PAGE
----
Aviation Safety News Roundup | March 2021

Aviation Safety News Roundup | March 2021
Claire Ealding
Apr 1, 2021

“Not Accurate For Weeks” | Automated Weather Reporting At Uncontrolled Airports Is In Question After A Crash Prompts an NTSB Investigation

  • Two years ago, a light aircraft crashed near Ely, Nevada, after impacting terrain in instrument meteorological conditions (IMC). The flight had attempted to divert there after the automated surface observing system (ASOS) reported the weather conditions to be 10SM and broken at 5000ft. In actuality, there was a snowstorm passing through, with heavy snow, causing the visibility to be between ½ and ¼ miles.
  • An investigation determined that the automated weather station’s information had “at times… not been accurate for weeks”.
  • In a recent safety recommendation report, the National Transportation Safety Board (NTSB) is urging the National Weather Service (NWS) and the Federal Aviation Administration (FAA) to take action and “address various concerns with malfunctioning automated surface observing systems (ASOS) and automated weather observing systems (AWOS)... which can result in erroneous weather information being provided to the transportation community.”
  • The NTSB recommended that the NWS grants forecast offices the authority to take unattended ASOS sensors offline if they believe the information is erroneous.
  • They also recommended the FAA make NOTAMs regarding ASOS reliability more consistent.

Flight Safety Foundation

New Tech Powered By Artificial Intelligence Addresses A Pervasive Safety Issue In Helicopter Operations

  • An Australian tech company, SkyNet Aviation, has developed an early warning system that can detect aircraft approaching to land on the wrong runway or helipad.
  • The system is called LASAW - Landing Approach Surveillance and Warning - and uses a combination of artificial intelligence, algorithms, and twice-per-second position updates.
  • Landing on the wrong landing site is not unusual as one might imagine. SkyNet founder, Jon Davis, said, “During the development of this product, we spoke to pilots, landing site operators, and safety organizations around the world, all of whom had personal or anecdotal evidence of just how often pilots, for many different reasons, can approach the wrong landing site.”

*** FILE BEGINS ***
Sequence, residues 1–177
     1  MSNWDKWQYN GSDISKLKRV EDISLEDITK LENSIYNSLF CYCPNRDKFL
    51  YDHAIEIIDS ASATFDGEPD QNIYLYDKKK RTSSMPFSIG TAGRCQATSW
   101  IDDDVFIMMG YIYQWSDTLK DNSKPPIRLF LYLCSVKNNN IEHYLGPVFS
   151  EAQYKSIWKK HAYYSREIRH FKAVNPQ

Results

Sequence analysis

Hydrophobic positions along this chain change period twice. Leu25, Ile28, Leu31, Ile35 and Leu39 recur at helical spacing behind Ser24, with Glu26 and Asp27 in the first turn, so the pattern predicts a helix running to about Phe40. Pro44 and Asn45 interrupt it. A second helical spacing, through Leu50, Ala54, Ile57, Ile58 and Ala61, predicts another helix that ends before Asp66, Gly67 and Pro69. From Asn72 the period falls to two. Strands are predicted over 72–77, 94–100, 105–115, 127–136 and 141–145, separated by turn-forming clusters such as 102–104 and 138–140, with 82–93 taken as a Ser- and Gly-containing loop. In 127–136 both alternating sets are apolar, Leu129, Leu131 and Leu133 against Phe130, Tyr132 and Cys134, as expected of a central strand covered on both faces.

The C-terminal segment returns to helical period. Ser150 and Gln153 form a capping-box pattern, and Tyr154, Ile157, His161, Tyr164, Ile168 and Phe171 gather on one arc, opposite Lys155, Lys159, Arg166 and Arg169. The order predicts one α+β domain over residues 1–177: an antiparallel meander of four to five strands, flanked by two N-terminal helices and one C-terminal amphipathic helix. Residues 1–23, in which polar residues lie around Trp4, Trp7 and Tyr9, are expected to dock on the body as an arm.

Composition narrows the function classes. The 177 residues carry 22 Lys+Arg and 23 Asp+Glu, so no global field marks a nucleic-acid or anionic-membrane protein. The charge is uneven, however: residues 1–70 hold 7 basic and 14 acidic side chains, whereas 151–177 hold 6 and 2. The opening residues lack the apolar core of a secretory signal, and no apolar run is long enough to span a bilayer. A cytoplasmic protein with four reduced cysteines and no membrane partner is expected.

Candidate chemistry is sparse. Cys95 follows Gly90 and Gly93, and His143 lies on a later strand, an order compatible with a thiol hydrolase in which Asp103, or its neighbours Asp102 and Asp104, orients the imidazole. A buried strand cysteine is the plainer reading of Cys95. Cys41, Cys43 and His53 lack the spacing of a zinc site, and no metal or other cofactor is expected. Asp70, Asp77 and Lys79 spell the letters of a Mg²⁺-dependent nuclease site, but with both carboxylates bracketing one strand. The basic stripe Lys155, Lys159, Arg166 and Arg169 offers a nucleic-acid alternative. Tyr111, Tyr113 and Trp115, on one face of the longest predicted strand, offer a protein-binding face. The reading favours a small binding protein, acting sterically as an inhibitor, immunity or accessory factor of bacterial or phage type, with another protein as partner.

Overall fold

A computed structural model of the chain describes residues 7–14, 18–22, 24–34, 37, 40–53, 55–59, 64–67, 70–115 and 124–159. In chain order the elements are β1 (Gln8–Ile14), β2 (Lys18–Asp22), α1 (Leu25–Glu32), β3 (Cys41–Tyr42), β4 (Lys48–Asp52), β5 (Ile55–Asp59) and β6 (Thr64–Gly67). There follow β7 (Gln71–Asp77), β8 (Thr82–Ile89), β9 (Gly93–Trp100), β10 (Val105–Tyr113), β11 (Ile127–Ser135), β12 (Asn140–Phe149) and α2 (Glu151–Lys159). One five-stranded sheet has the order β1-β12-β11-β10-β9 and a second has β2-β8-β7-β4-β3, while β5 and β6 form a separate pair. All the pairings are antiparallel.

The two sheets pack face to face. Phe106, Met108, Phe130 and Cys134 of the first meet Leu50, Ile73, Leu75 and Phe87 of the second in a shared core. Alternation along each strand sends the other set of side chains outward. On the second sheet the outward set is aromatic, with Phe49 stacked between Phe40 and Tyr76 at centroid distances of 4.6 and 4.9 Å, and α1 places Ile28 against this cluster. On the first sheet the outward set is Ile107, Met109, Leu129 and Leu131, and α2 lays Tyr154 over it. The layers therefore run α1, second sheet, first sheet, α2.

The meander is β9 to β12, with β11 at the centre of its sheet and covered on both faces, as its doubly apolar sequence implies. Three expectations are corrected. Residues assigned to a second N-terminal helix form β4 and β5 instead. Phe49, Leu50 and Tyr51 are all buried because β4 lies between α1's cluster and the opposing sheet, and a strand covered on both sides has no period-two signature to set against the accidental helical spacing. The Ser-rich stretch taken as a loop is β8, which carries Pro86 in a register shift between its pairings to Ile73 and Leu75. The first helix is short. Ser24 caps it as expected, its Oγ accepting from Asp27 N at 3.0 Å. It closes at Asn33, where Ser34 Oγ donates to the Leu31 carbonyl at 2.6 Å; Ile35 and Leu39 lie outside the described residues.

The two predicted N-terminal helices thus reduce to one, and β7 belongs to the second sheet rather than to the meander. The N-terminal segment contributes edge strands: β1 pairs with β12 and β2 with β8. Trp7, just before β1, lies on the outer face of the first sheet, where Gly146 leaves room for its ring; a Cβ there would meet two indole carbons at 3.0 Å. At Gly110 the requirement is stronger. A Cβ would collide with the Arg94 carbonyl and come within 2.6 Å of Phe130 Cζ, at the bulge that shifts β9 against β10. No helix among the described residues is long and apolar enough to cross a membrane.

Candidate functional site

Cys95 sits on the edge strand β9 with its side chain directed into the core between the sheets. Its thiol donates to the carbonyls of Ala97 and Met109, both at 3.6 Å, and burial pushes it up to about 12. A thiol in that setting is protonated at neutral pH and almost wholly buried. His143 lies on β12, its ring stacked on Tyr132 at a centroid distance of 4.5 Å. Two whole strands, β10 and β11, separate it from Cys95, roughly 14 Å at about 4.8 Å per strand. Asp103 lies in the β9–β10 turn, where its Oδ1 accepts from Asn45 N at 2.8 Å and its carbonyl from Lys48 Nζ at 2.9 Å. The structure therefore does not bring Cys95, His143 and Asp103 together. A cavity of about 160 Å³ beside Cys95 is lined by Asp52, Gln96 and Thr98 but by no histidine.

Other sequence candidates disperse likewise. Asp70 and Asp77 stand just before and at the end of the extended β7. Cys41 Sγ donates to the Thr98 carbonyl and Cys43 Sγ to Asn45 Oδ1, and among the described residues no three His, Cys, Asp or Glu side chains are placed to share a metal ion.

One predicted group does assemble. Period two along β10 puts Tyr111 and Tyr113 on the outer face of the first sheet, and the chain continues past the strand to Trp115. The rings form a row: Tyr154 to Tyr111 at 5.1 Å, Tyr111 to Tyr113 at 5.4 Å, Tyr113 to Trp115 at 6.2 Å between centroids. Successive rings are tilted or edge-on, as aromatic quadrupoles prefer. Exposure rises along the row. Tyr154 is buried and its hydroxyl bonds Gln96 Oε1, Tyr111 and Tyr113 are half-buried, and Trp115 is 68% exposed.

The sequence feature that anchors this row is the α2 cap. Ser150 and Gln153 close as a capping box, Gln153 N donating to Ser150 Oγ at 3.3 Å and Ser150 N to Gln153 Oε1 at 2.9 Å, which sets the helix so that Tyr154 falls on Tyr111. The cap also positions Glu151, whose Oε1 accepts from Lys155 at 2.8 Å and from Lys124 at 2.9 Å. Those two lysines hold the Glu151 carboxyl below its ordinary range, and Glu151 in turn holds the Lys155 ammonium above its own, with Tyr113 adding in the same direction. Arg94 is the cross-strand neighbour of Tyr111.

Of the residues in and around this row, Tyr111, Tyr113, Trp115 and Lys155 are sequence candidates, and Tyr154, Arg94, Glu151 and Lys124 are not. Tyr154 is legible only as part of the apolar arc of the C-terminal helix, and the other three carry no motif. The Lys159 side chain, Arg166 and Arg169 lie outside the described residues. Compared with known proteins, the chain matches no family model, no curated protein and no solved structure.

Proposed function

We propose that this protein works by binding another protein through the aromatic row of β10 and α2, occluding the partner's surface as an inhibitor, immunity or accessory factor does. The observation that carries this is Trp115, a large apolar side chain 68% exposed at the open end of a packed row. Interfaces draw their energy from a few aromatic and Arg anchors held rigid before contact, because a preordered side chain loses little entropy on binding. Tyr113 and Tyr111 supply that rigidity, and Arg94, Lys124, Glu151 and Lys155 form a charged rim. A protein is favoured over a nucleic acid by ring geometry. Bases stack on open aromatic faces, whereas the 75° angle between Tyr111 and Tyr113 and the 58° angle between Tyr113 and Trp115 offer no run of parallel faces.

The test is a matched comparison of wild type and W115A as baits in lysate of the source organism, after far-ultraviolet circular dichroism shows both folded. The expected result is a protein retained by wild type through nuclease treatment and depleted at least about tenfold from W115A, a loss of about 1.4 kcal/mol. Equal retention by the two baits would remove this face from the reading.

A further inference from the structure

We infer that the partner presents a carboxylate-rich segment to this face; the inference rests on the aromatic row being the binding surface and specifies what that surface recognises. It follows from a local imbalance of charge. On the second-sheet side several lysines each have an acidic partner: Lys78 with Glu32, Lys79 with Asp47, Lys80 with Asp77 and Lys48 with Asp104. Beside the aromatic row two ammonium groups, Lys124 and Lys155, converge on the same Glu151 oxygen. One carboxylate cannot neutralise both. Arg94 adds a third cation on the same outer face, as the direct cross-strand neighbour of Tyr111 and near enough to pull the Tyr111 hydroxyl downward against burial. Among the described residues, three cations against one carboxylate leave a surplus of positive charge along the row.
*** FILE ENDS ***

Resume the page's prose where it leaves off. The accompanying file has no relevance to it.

• LASAW brings particular value to remote or uncontrolled landing areas, such as in oil rig operations. “Previously, those working on offshore platforms were reduced to spotting approaching aircraft with the naked eye or using satellite tracking that updates only every 15 seconds”.
  • SkyNet Aviation has LASAW for both fixed-wing aircraft and helicopters.

Australia Aviation

A Cautionary Tale | Charter Firm To Be Fined Over $100,000 For Airworthiness Non-Compliance, Not Following Aircraft Maintenance Manual

  • Fenix Air Charter of South Carolina reportedly operated 18 charter flights in an aircraft that was not legally airworthy.
  • The aircraft in question was a Cessna 402B “Businessliner.” The company had allegedly re-painted the aircraft but then failed to rebalance the flight controls, per the maintenance manual.
  • They face up to $115,500 civil penalty from the Federal Aviation Administration (FAA) for not complying with published maintenance procedures.

Federal Aviation Administration (FAA)

Recreating The Horizon | Naval Study Reveals New Information On Why We Experience The Black Hole Effect

  • The researchers believe that pilots unconsciously estimate the horizon’s position based on runway edge lights’ projected convergence point. “The human perceptual system attempts to “recreate” the horizon when a pilot cannot see it.” However, runway edge lines, and the end of the runway, stops far short of their intersection at the horizon.
  • "The misjudgment is more pronounced earlier in the approach and further from the runway, which could cause a pilot to adopt a low flight path."
  • The study used images on a computer to emulate the appearance of a lighted runway at night. The researchers want to better simulate the aviation environment in a future study by re-creating the research in flight simulators.


Ready Or Not |Safety Management System (SMS) Could Soon Become Mandatory For Revenue Passenger-Carrying Operations Under Part 91, Per Recent NTSB Recommendations

  • The recommendation to make SMS mandatory for Part 91 revenue passenger carrying operations comes after several Part 91 crashes in the last 5 years.
  • Historically the FAA has made allowances for certain revenue passenger-carrying operations to be governed by general aviation regulations (Part 91), which have less stringent safety requirements.
  • NTSB Chairman, Robert Sumwalt, said “The NTSB remains concerned with the inadequate safety standards the FAA allows for some revenue passenger-carrying general aviation operations... this exposes customers to unnecessary risks.”
  • The NTSB made six new recommendations to the FAA, including “developing national safety standards... identifying shortcomings in current regulations allowing some operators to exploit loopholes... and requiring safety management systems for all revenue passenger-carrying operations currently conducted under Part 91.”

National Transportation Safety Board

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